Polar bears have even been viewed by hikers inside Greenland National Park, the most northerly national park on the planet. If you have your heart set on seeing these beautiful creatures, head to Svalbard for the Spitsbergen Explorer: Wildlife Capital of the Arctic expedition.
8. You Can Have an Epic Adventure in 10 Days or Less
In centuries past, setting out on a polar expedition was a massive commitment that could take you away from home for years at a time. Today, you can still have a life-changing experience in the Far North – and you can do it without even using up 2 weeks’ vacation time!
A 10-day fly-cruise expedition to Greenland delivers all the excitement and iconic experiences of an arctic expedition in less time by flying travelers over the Denmark Strait to and from Constable Point, where the cruise portion begins and ends (thus shaving off precious time you would otherwise be spending at sea).
See what Dave and Deb from The Planet D had to say about their adventures in Greenland.
9. Stand at the North Pole for a Rare, Bragworthy Travel Experience
A hot air balloon sails high overhead the icebreaker 50 years of Victory at the North Pole. Photo credit: Samantha Crimmin
Visiting the North Pole is a rare and unique privilege. The quest to reach the summit spanned hundreds of years, but it wasn’t until 1926 that Norwegian explorer Roald Amundsen made the first verified exploration of this point.
Visiting the North Pole today is a much more expedient and comfortable trek than what those original explorers endured, and it can even involve hot air ballooning!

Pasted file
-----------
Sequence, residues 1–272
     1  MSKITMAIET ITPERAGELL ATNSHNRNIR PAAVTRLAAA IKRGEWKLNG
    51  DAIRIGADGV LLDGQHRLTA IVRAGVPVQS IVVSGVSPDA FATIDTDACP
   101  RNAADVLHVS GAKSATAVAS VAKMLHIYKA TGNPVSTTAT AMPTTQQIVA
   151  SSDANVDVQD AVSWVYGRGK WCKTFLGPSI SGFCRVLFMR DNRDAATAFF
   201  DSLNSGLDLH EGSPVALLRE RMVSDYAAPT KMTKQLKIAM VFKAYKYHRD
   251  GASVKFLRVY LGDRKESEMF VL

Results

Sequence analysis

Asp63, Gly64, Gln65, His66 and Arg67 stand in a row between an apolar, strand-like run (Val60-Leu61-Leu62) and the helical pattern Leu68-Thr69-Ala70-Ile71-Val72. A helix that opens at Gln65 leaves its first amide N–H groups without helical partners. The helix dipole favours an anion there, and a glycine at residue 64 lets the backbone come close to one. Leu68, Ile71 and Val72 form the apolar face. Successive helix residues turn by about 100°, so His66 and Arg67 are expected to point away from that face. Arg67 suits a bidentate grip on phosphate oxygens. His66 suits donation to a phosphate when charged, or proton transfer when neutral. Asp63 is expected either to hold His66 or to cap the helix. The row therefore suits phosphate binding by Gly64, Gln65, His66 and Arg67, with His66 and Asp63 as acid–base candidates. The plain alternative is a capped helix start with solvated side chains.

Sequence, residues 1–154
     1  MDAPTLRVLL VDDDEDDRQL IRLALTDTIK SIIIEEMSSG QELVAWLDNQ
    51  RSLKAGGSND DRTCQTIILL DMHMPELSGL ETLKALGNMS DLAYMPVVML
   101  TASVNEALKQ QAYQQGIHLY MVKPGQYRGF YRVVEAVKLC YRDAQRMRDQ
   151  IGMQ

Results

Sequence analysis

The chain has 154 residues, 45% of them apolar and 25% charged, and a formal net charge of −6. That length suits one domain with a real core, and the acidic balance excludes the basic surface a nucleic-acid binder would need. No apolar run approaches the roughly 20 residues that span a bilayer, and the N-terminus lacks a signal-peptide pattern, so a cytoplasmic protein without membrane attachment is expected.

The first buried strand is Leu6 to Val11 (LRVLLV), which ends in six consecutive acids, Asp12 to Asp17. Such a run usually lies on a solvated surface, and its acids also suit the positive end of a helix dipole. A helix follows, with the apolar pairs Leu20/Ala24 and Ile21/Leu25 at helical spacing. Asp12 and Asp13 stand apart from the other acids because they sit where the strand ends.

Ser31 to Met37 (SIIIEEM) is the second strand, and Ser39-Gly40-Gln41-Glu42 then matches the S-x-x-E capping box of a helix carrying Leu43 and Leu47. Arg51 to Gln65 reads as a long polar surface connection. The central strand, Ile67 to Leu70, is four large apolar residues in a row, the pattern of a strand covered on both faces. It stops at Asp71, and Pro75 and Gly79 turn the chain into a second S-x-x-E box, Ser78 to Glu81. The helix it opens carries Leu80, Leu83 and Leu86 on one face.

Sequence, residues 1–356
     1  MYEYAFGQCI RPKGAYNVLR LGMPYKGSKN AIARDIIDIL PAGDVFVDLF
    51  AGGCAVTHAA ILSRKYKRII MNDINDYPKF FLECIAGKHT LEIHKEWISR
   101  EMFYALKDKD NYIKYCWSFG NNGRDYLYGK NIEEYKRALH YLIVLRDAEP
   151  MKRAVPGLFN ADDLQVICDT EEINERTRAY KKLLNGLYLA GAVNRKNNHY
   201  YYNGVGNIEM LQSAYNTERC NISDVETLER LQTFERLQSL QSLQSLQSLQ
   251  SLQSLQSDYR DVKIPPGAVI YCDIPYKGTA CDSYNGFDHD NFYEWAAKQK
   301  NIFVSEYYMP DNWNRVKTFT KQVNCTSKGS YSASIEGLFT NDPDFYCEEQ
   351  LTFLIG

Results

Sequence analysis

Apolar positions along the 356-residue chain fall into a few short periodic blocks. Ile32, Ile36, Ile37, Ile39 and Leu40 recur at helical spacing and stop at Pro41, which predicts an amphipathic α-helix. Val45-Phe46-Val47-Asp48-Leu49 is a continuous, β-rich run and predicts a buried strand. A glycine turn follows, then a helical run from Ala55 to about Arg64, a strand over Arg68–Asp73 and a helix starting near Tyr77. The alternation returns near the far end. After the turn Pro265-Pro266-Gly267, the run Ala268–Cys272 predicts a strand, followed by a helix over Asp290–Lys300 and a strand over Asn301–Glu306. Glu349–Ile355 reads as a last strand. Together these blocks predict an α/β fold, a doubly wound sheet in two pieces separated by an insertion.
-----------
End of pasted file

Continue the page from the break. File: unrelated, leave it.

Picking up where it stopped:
10. Experience Arctic Sea Ice, Glaciers and Icebergs
A Quark passenger enjoys the spectacular Arctic ice at Ilulissat, Greenland.
Thick, multi-year Arctic sea ice is spectacular, not only visually but also in its critical importance as the basis of the Arctic ecosystem. A UNESCO World Heritage Site, Greenland’s Ilulissat Icefjord is one of the few places where the Greenland ice cap reaches the sea. The fjord is the sea mouth of the incredible Sermeq Kujalleq, the most productive glacier in the world, calving every year!
Whatever your reason for embarking on this polar adventure, it’s easier and faster than ever before to have a life-changing arctic vacation; in fact, you can do it just 10 days!
Want to learn more? Download Arctic destination guides to explore the sights and sounds of Greenland, Spitsbergen, Baffin Island and the North Pole.
Our 'Navigate the Arctic in 5 Minutes' video can also help you decide which area of the Arctic you'd like to visit... this time.
About the Author
Paul has been helping Quark Expeditions passengers choose the polar expedition to best suit their needs since 2009. An adventure travel expert and avid traveler, he’s visited over 40 countries and explored the Antarctic Peninsula, Canadian High Arctic, Spitsbergen and the North Pole on expedition.More Content by Paul Schuster